Thursday, February 13, 2014

Improving Service Delivery to Raise Customer Satisfaction

Developing strong service management within organizations is not easy. Some customers may like a particular approach while others will leave to other opportunities. The researchers Sivakumar, et. al. (2014) studied service failures and surprises to develop a model incorporating prospect theory to encourage positive service impressions.  Their work will delve in to frequency of service failures/delights, timing of these failures/delights, proximity of failures/delights, and the sequence of failures/delights. 

It is difficult to understand the totality of service if one is only focused on failures. To get a better picture of the patterns of service perceptions among customers it is beneficial to look at failures, success, and why these things are occurring. To know what the company is doing well and what it is failing at will provide better opportunities to enhance what works and minimize what doesn’t. 

Their model is based off of prospect theory. Prospect theory explains a mental accounting system based upon heuristics that consumers use to judge winnings, losses, and mixtures of both (Kahneman and Tversky, 1979).  Customers have a value proposition in mind when engaging in a particular service and if what is offered is less than that proposition they will be disappointed and possibly move onto another company. If the perceived value is higher than the customer will be satisfied and may stay.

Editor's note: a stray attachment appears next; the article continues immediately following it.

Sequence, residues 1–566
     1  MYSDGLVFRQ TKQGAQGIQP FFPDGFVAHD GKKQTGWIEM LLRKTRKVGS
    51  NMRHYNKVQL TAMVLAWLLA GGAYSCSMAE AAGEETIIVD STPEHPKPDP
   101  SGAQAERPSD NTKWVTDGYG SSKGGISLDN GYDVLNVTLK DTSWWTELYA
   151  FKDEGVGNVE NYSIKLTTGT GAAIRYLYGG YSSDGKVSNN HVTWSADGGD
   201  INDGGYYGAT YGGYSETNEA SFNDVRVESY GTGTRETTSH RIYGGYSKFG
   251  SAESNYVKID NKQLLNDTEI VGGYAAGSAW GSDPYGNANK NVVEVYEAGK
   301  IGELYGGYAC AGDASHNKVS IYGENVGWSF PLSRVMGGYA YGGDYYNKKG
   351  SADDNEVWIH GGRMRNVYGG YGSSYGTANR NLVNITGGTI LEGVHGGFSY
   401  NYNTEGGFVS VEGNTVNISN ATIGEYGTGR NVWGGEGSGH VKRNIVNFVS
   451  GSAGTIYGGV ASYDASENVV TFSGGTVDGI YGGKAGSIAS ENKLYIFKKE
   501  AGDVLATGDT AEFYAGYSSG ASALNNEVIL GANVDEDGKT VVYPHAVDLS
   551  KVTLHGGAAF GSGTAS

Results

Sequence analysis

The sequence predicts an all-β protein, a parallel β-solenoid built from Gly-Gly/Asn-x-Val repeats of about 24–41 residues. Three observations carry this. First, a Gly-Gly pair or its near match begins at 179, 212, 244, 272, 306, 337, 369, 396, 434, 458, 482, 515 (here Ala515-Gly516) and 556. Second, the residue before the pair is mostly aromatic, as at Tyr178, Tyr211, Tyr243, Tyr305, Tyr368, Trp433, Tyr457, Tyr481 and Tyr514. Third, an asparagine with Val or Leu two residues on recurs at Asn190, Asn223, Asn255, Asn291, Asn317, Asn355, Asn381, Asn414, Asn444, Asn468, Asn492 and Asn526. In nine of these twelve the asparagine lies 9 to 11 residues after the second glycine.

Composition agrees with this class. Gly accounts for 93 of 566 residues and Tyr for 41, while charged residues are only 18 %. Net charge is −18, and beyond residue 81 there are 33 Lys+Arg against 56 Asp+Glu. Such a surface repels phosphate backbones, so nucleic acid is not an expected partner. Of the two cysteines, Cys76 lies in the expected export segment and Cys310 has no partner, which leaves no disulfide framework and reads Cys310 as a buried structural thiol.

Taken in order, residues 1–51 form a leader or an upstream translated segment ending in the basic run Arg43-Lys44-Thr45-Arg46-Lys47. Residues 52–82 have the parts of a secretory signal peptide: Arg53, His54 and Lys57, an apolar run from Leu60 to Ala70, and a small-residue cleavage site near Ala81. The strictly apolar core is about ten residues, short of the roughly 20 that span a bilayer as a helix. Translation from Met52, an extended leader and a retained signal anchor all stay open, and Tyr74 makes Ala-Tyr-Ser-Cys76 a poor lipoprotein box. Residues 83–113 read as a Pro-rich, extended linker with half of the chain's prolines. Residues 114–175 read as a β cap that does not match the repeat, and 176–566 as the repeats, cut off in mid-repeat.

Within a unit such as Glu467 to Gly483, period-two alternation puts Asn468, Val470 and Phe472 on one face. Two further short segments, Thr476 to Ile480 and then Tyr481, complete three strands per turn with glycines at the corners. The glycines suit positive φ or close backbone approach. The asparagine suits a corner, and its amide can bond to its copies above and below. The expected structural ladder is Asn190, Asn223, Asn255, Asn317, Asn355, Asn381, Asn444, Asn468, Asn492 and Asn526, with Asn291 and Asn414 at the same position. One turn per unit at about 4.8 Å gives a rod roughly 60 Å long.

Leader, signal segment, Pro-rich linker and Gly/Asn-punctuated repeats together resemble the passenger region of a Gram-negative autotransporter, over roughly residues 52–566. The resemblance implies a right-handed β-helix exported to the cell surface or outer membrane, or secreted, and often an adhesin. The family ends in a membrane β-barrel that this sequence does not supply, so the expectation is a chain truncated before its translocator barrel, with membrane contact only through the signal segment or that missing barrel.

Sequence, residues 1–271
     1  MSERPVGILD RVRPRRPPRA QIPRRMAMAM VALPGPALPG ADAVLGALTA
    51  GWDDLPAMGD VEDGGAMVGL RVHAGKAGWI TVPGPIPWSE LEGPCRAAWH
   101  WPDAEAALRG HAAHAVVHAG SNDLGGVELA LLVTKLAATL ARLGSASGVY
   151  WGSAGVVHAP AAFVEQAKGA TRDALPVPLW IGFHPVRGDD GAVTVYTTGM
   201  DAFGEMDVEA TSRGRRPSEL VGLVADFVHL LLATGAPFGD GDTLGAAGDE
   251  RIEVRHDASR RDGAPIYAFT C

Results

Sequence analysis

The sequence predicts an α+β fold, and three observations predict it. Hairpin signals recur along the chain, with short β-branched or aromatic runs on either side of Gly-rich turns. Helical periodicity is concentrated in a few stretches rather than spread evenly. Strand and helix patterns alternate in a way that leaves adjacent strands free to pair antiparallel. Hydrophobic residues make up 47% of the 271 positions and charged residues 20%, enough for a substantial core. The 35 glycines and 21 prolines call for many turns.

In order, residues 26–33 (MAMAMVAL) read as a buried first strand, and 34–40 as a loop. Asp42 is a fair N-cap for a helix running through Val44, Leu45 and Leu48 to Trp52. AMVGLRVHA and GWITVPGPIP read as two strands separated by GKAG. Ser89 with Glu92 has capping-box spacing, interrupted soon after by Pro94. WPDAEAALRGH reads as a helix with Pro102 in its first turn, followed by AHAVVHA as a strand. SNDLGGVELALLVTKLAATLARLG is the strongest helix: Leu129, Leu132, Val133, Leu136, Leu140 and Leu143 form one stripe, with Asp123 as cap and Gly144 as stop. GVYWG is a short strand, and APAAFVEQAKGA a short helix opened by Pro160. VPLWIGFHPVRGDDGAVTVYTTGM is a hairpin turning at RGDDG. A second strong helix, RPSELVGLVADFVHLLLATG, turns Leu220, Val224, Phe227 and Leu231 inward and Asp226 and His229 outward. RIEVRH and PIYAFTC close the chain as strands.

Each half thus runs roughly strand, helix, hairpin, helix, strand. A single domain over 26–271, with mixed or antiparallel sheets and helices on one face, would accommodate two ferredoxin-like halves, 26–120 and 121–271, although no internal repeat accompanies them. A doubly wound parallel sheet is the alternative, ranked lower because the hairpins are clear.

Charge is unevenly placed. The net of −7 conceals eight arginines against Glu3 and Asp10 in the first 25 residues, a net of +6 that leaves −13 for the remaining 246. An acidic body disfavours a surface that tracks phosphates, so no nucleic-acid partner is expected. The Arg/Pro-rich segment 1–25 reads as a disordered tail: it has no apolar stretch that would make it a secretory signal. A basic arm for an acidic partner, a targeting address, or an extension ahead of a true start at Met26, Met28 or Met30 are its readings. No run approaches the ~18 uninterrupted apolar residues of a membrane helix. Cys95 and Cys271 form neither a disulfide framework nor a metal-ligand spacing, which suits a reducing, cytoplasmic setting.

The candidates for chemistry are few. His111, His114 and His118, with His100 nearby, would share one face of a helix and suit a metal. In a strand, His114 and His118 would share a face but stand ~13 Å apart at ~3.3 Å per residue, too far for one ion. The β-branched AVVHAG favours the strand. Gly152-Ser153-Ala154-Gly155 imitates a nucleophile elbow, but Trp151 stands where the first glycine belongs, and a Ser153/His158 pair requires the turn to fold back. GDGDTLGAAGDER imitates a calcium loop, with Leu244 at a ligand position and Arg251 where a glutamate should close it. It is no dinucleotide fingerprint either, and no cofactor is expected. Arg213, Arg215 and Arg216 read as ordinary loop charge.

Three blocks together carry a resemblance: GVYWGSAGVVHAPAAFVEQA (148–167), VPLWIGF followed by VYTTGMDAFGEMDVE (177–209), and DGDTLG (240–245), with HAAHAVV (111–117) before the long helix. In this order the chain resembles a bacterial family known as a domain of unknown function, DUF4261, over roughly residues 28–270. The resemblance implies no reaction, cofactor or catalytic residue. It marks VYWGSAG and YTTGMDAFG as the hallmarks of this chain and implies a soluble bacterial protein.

It is important to remember that service loss or gain from the perspective of the customer is not equal. Research by Mittal, et. al. Baldasare (1998) found that when customers lose it has a greater impact on their psyche than when they win. This means that organizations should ensure that positive impressions are more forthcoming in their service delivery chains than the negative impressions.

They found that by suitably deploying resources and the amount of service personnel firms can gain direct and indirect control over the distribution of service failure occurrences and delights. Even with lay-offs and cuts to budgets it is possible to analyze where these occur and adjust the service process to ensure there are significantly more service positives that raise customer satisfaction.  It requires an analysis of where service success and failure are being delivered and reconstructing to service process to improve upon the chances of positive outcomes. This leads to customer satisfaction, greater purchase amounts, and customer retention.

Kahneman, D. & Tversky, A. (1979). Prospect Theory: an analysis of decisions under risk. Econometrica, 47 (2).
Mittal, V. et. al. (1998). The asymmetrie impact of negative and positive attribute-level performance on overall satisfaction and repurchase intentions. Journal of Marketing, 63 (33).

Sivakumar, K. et. al. (2014). Service quality: the impact of frequency, timing, proximity and sequence of failures and delights. Journal of Marketing, 78 (1).

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